Citizens who did not conform to “positive psychiatry” (unwavering loyalty to General Franco, the Catholic Church, and conservative societal or family values) were to be quarantined to preserve the nation’s well-being. In practice, this meant that Nationalist forces ruthlessly exterminated “biologically deficient” Republicans, kidnapping thousands of children born into “unhealthy” Republican homes. Nuns like Sister María Gómez Valbuena perpetrated schemes that saw an estimated 300,000 children between 1936 and the 1990s separated from their mothers and sold to “faithful” families.

Nágera had an illustrious career in academia independent of his mostly pseudoscientific output, and even had a street, the Paseo del Dr. Vallejo Nágera, named after him in Madrid.

The discovery and dignified reburial of the Republican remains brought a sense of closure and peace to the families of the deceased. Pino Sosa, president of a local faction of the Association for the Recovery of Historical Memory (ARMH) in the Canary Islands, has finally recovered the remains of her father, a handyman, at the age of 81. El Diario notes that she was barely forty days old. when he disappeared.

But many historians remind us that Republican authorities also committed their share of flagrant crimes. Antonio Montero Moreno revealed that religious persecution resulted in the murder of 6,852 priests and nuns. Sánchez Recio discovered that a Republican minister had created horrific labor camps for suspected traitors, and Julius Ruiz argues that the institutionalization of “popular justice” meant that thousands of supposed “fascists” were summarily executed without court case.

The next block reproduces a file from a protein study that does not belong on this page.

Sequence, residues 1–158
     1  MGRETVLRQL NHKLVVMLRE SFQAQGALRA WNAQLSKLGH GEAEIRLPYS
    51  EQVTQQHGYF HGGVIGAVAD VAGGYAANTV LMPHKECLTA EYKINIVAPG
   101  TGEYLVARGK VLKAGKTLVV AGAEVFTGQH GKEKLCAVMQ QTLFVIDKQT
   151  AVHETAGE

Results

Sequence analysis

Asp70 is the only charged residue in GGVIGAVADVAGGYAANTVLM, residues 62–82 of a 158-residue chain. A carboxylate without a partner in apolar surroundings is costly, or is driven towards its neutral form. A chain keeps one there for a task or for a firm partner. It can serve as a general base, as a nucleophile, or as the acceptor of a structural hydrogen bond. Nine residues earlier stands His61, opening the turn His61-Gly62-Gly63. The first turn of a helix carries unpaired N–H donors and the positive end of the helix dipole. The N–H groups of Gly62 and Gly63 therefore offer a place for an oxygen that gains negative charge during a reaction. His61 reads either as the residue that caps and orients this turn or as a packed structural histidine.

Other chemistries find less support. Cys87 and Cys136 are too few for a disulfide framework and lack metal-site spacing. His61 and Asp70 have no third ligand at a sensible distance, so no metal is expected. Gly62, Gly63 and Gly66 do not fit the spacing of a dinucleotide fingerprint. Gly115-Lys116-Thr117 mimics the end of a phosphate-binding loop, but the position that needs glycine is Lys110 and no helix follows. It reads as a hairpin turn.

The ARMH, along with other organizations and researchers, must set aside prejudices and proceed with the identification and exhumation of the victims of the Republican purges. Only then can the polarizing exhumations, if they are to educate and benefit all Spaniards, become a reconciliation project that can appease right-wing parties like the Partido Popular.

However, this solution involves risks. The far right and other extremist groups could very easily turn nationalist mass grave sites into sanctuaries or meeting places. The Forward reported that neo-Nazi marches in Madrid often pay tribute to the Blue Division, a brigade of around 47,000 Spanish volunteers who fought alongside Nazi regiments on the Eastern Front against the Soviet Union during the Second World War. In 2021, neo-Nazis even laid flowers in front of a Blue Division memorial chanting, “The Jew is still the enemy.”

Nevertheless, a state-supported and well-funded exhumation process dedicated to the exhumation of all mass graves, regardless of the political or ideological beliefs of the deceased, is necessary if the Spaniards ever hope to bury the literal skeletons in their closet and put their ghosts to rest.